Illustrations:


Since I already talked about the cover, I'm going to give the end pages a go. They are adorable. Clouds of various grey tones with itty bitty eyes. They look like they're watercolors too which I adore. And they beautifully weave into the story brilliantly.


The illustrations are done in a variety of colors that go so well together. I love it.


Overall:

This book came at the right time. Just when I needed a good short beautiful book to read and lift my spirits up. And Ivy and The Lonely Raincloud did just that.

I wish I could say more of what I think but I left my book at home and am currently using the universities computers since my home still doesn't have any energy.


Get a copy at:
Barnes&Noble  |  Amazon
Or get it here using my affiliate link. Please:
Book Depository


______________________________________


https://www.goodreads.com/book/show/31945156-ivy-and-the-lonely-raincloud









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9/18/2017

Monstress, Vol. 1: Awakening by Marjorie M. Liu and Sana Takeda | Book Review




Book Review:

Monstress, Vol. 1: Awakening by Marjorie M. Liu and Sana Takeda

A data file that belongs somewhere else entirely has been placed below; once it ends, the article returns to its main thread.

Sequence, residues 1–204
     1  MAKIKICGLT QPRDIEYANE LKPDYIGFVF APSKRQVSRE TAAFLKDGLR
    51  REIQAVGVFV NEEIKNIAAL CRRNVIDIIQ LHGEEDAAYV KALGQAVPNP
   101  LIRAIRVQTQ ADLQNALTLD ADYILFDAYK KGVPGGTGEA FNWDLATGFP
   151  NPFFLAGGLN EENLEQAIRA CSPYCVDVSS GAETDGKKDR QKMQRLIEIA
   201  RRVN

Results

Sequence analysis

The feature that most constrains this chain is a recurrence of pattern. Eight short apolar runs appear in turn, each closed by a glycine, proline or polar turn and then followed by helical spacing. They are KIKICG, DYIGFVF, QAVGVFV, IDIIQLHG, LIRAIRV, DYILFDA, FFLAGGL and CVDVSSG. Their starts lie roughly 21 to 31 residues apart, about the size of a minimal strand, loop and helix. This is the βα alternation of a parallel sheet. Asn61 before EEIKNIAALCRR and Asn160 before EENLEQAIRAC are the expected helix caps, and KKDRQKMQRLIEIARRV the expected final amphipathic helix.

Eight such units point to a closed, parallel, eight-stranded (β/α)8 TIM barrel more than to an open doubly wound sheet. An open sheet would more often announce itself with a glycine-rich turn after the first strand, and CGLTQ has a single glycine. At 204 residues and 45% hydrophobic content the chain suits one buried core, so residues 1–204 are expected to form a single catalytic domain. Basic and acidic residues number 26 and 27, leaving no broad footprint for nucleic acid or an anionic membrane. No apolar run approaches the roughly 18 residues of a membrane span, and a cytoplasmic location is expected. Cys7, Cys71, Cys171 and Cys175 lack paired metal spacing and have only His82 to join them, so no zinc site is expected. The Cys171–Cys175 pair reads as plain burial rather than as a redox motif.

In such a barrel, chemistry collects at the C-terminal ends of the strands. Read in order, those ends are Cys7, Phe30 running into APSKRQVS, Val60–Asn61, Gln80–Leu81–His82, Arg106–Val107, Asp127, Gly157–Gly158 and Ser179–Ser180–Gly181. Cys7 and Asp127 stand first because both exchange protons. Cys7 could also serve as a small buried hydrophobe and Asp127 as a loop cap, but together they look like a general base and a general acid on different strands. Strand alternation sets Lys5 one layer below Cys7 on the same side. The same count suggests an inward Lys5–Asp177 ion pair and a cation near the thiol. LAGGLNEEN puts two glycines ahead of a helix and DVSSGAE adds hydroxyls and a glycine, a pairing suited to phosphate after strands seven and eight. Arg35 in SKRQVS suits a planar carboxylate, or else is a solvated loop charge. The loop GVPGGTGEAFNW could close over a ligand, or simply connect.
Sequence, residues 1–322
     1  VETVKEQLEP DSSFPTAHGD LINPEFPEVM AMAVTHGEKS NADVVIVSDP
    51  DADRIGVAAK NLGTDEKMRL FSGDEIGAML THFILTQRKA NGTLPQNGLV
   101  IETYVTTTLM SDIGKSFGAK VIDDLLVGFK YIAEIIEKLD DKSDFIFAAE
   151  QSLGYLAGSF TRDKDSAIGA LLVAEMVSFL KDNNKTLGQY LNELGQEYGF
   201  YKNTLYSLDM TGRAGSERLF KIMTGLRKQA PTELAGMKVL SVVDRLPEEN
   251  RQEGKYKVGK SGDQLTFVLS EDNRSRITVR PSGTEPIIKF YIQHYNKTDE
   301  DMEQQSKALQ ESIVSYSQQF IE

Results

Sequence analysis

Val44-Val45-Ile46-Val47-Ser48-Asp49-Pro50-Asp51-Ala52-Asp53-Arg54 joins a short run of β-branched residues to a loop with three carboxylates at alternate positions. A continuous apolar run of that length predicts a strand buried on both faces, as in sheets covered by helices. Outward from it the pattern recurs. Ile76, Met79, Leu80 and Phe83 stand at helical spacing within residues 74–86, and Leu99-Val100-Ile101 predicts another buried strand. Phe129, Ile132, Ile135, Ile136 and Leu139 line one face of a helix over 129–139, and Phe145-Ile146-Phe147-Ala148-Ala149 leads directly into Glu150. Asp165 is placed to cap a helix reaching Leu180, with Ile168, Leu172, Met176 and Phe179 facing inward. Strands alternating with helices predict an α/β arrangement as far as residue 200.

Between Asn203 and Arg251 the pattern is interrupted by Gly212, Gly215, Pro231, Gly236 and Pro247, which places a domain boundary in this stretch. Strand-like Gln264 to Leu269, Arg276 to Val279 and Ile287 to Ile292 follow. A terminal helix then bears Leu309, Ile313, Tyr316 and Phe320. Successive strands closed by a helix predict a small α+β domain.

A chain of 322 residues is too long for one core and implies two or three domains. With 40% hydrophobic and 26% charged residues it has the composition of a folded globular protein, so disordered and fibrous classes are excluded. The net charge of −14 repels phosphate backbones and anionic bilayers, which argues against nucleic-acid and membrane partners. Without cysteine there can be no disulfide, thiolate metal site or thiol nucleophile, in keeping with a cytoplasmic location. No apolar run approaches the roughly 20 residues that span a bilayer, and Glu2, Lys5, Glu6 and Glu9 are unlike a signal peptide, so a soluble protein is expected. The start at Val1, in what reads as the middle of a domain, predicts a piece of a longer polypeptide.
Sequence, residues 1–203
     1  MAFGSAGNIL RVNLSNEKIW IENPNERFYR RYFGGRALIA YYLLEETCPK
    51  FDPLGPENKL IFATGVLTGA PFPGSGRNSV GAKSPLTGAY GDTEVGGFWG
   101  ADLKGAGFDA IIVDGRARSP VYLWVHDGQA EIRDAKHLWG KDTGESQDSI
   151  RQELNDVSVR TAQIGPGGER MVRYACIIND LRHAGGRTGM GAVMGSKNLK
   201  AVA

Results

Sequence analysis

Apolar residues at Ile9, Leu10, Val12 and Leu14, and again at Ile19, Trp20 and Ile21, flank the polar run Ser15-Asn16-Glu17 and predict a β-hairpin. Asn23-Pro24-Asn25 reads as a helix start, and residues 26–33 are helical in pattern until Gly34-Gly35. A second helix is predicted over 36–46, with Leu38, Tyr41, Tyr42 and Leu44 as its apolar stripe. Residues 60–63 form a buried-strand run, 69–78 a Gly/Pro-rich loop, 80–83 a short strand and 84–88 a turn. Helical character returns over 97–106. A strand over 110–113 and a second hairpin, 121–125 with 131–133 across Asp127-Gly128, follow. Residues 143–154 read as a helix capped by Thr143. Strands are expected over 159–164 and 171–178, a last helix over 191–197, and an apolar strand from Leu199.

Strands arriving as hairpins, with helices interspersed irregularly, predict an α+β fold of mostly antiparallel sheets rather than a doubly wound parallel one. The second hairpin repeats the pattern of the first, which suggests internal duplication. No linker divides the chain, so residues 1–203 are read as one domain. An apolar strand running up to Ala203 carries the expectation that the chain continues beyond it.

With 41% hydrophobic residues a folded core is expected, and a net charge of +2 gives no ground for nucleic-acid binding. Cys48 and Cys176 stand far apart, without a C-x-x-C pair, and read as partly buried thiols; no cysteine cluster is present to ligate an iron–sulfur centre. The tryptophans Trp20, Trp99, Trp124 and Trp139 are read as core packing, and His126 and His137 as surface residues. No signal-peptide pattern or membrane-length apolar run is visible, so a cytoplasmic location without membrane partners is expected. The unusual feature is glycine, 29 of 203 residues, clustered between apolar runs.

Spoilers?
Maybe some.

-------------------------------------------------------------------------------

Title - Monstress, Vol. 1: Awakening 

By - Marjorie M. Liu and Sana Takeda
Publication - July 19th, 2016 by Image Comics
Format - Paperback, 202 pages
Genre - Graphic Novel, Fantasy, Steampunk, Horror, Fiction
Set in an alternate matriarchal 1900's Asia, in a richly imagined world of art deco-inflected steam punk, MONSTRESS tells the story of a teenage girl who is struggling to survive the trauma of war, and who shares a mysterious psychic link with a monster of tremendous power, a connection that will transform them both and make them the target of both human and otherworldly powers.

Marjorie M. Liu -  (Author)
New York Times bestselling and award-winning writer Marjorie Liu is best known for her fiction and comic books. She teaches comic book writing at MIT, and leads a class on Popular Fiction at the Voices of Our Nation (VONA) workshop. Ms. Liu's extensive work includes the bestselling "Astonishing X-Men" for Marvel Comics, which featured the gay wedding of X-Man Northstar and was subsequently nominated for a GLAAD Media Award for outstanding media images of the lesbian, gay, bisexual and transgender community. Prior to writing full-time, Liu was a lawyer. She currently resides in Boston.

Sana Takeda - (Artist)